The methodology used in this paper suggests that, on the whole, Russia's influence on casestudy country growth appears to have declined over time, with the exception of Tajikistan. This appears to have been mainly the result of their trade diversification, the structural break in external finance from Russia, and their domestic investment, plus the declining proportion of debt to Russia in their total external debt. The ability of the case-study

countries to overcome inherited economic ties with Russia has depended on two main factors: first, domestic policy, structural reforms and institutional strengthening in enabling them to achieve stabilisation and begin the transition to becoming market economies, and second, their ability to access non-CIS export markets, finance and technology. Those countries that are relatively more geographically isolated, have weaker infrastructure links and limited access to the outside world have been less successful in diversifying away from Russia than others.

New forms of economic linkage have evolved, particularly within the informal sector (economic migration, remittances and shuttle trade). Political economy levers have become a more mainstream form of Russia's influence, including through strategic investment in key sectors (particularly energy), debt-for-equity swaps or manipulation of energy pricing and supply. Russia would be able to influence case-study country growth significantly through these channels if it so chooses.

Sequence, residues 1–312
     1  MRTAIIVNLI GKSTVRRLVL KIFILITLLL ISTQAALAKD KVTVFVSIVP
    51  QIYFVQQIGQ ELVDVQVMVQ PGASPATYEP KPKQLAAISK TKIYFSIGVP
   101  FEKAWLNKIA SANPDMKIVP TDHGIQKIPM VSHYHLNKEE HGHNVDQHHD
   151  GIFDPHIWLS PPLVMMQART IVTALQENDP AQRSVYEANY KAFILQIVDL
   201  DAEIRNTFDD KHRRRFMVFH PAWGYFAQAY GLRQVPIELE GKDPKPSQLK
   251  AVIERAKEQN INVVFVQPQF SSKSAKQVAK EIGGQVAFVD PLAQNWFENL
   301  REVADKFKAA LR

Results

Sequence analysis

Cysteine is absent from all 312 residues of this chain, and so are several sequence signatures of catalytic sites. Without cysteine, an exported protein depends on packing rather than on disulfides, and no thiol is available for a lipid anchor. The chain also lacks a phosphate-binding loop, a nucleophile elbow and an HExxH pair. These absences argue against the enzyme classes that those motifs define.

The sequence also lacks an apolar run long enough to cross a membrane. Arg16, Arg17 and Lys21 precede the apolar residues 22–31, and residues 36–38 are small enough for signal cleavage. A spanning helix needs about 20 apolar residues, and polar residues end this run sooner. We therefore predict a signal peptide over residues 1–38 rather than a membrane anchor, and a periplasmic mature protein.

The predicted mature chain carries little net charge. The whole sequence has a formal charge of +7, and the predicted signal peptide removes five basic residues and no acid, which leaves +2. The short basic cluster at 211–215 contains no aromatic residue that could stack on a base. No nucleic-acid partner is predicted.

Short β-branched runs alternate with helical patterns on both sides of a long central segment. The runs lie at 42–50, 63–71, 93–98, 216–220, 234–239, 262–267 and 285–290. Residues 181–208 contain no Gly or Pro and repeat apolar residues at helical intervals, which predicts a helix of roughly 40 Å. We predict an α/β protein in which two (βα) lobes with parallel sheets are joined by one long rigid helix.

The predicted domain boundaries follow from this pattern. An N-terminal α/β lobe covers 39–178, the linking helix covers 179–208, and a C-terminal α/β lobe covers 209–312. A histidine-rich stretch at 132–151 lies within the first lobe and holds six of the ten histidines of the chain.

Overall, the methodology suggests that the strength and nature of the economic linkages between Russia and the case-study countries are still greater than might be expected in functioning market economies. The final question is whether this is a cause or a consequence of case-study country economic performance. The analysis suggests that there is no clear answer. On the one hand, the growth process in the case-study countries depends on the pace and nature of their domestic structural and policy reforms. On the other hand, Russia appears to influence the pace and nature of their reform process both directly and indirectly, particularly in those sectors of strategic importance.

In summary, traditional forms of Russia's influence on case-study country growth have generally declined during the transition. As a result, current economic policy and performance in Russia matter less, on the whole, than they did in the early transition phase. Those countries that have integrated into the global economy and have undertaken robust domestic policy and structural reforms have overcome inherited economic distortions and reduced their ties with the CIS and Russia to a greater degree than the slower reformers. However, for all the case-study countries new forms of economic linkage with Russia are emerging, most of which could have a significant impact on the key determinants of their economic growth.

Melinda Robson